"Rob you?" Deldarian asked, offended by the suggestion. "No, I don't mean to rob you, Captain. Did you think we followed you all the way up here for days on end just to take some gold? We have plenty."

"Good," Nelor exhorted, "then I suggest you take your crew and part before we butcher you."

Deldarian's smile only grew wider. "Your crew? Well, I'm afraid you don't have a crew to command anymore. When we leave here they'll already be tied up in your boat. I'd use mine, but yours is so much more advanced. Just so very cutting-edge. I mean, enchanted wood? That's brilliant. I took a note from that and did the same with my coat." He waves a hand in front of his face and adds, "Warm as an Alit in heat under here."

"Why should I believe you?"

"You really don't need to believe me. You'll see soon enough, if you play this kindly."

"Why? You won't have much luck selling us into slavery."

"In Tamriel? No, I don't think there'd be any buyers for your crew. But I have plans that are bigger than your expedition north. I want to touch the corners of the world, and to do that, I need bodies. Specifically, bodies full of blood, I hear in that in The East there's immortal, blood-sucking vampire-snakes. And a cargo of blood-bags, well I think in exchange they'd be willing to grant me passage. For some time."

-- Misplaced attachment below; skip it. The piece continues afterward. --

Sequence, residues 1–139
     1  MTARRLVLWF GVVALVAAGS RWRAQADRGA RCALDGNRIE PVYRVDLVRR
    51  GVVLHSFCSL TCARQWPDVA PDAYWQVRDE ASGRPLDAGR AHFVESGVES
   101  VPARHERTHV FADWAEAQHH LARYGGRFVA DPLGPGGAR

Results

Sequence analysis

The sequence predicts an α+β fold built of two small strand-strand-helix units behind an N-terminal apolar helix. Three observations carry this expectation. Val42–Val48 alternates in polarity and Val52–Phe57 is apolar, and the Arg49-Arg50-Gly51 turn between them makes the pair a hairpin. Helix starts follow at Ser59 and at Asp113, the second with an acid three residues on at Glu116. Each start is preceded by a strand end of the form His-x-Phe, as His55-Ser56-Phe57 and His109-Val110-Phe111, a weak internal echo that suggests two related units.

"So be it," Nelor said grimly. "Have it your way, pirate." Nelor didn't believe a word that came from the pirate’s mouth, she had no reason to. As far as she cared, Deldarian's crew already attacked her’s and died at the edge of Grimund's axe. So, she had no trouble bringing the pirate out of the tavern to face his similar fate. She got up from the stool, dragging the frozen mug that didn't seem to want to be dropped.

"I intend to," Deldarian bit coldly. He waited for the captain to turn and start to walk out. "But a thought occurred while I was pursuing your ship all these cold nights. It’d hardly do to have your crew be hopeful that none of them will die on our voyage." His voice grew louder as he followed behind Nelor. "Keeping the captain alive, well, that just won’t do will it?"

Captain Nelor turned, but before she could face Deldarian she felt a blade enter her ribs and rip out through her chest. She felt a bitter wind rush in between every small inch of space her furs now had to offer as the blade’s frost quickly turned her insides purple.

"Besides," Deldarian Elter said, "your soul’s of better use to keep me warm. It really is awfully cold up here."

Lady N's picture
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Joined: 06/26/2010

This piece was written for our 20th anniversary fan art contest! It is strictly property of its original creator - you may not modify, publish, or redistribute it without explicit permission from the artist.